Corals are beautiful, living animals that form the base of reef ecosystems worldwide, and have evolved in our oceans over the past 200-300 million years. A single coral animal, called a polyp, consists of a mouth surrounded by tentacles and a simple stomach. Coral polyps reproduce by budding, which forms genetically identical copies of the original animal. Together, the polyps live in large colonies of hundreds to thousands and create what we think of when we hear the word “coral”. However, coral polyps can’t exist on their own; a symbiotic life is the key to their survival. Symbiosis occurs when a close relationship forms between two organisms of different species.
Each coral polyp has a tiny, single-celled plant roommate called zooxanthellae (pronounced “zoa-zan-thel-lay”). The plant lives in the tissues of a coral polyp and shares the nutrients needed for both to survive. Zooxanthellae are also responsible for the vibrant colors seen in different coral reefs around the world. Beyond the individual polyps, colonies of coral provide food and habitat to an estimated 25% of all marine life. They act as nursery grounds, protect coasts from storms, filter the run-off from land, and so much more.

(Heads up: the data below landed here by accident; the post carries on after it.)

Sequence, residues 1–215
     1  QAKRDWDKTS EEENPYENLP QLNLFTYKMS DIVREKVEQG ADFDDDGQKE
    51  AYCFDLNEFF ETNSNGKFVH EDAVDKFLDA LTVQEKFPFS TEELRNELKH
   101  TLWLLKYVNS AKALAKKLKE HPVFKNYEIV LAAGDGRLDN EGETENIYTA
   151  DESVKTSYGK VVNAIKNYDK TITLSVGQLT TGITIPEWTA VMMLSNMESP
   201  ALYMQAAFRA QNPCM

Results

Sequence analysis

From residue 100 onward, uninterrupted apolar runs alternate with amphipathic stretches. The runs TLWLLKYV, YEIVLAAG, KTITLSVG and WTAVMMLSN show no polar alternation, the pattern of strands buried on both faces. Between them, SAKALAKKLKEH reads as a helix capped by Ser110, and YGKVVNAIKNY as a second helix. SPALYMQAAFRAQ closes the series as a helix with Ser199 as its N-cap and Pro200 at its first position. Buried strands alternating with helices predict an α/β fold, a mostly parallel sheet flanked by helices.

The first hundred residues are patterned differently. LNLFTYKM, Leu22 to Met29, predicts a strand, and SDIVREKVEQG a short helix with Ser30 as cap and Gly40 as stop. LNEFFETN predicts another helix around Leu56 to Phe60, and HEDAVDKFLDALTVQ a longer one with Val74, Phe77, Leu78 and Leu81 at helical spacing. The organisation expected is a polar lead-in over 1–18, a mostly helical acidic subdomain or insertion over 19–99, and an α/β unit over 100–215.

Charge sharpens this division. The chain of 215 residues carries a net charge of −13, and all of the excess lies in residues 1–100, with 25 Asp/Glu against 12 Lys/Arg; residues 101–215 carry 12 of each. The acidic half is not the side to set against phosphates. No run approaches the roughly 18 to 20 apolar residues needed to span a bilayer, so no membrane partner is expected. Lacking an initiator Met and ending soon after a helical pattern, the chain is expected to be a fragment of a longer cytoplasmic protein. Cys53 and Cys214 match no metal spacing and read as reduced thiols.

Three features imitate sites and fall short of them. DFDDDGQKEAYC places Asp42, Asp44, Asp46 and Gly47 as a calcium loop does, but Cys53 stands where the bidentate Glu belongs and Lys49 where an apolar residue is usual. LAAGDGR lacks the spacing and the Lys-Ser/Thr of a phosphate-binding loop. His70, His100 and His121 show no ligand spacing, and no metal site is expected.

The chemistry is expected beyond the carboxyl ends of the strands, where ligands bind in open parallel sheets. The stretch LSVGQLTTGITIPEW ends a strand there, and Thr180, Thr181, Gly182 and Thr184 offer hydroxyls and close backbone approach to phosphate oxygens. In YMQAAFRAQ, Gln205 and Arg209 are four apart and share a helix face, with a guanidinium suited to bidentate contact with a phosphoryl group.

Corals are slow growing animals who are incredibly picky about their surroundings. Ideal temperatures for coral are between 73-84ºF, and when water temperatures change too quickly, they become stressed. Think about it: if you were incredibly stressed, would you want to deal with a roommate on top of everything? When corals feel this change in water temperature, they expel their house plant roommates, exposing the white skeletons underneath. News articles are constantly surfacing showing reefs with little to no color, which is the result of this phenomena called coral bleaching. Without zooxanthellae to provide up to 90% of their nutrients, not only are they hungry, but they are also more susceptible to potentially fatal diseases. As of August 2022, 60% of the famous Great Barrier Reef off the coast of Australia had either moderate or severe levels of coral bleaching.
Left photo by Gary Bell / Oceanwideimages.com, right photo by Roger Grace / Greenpeace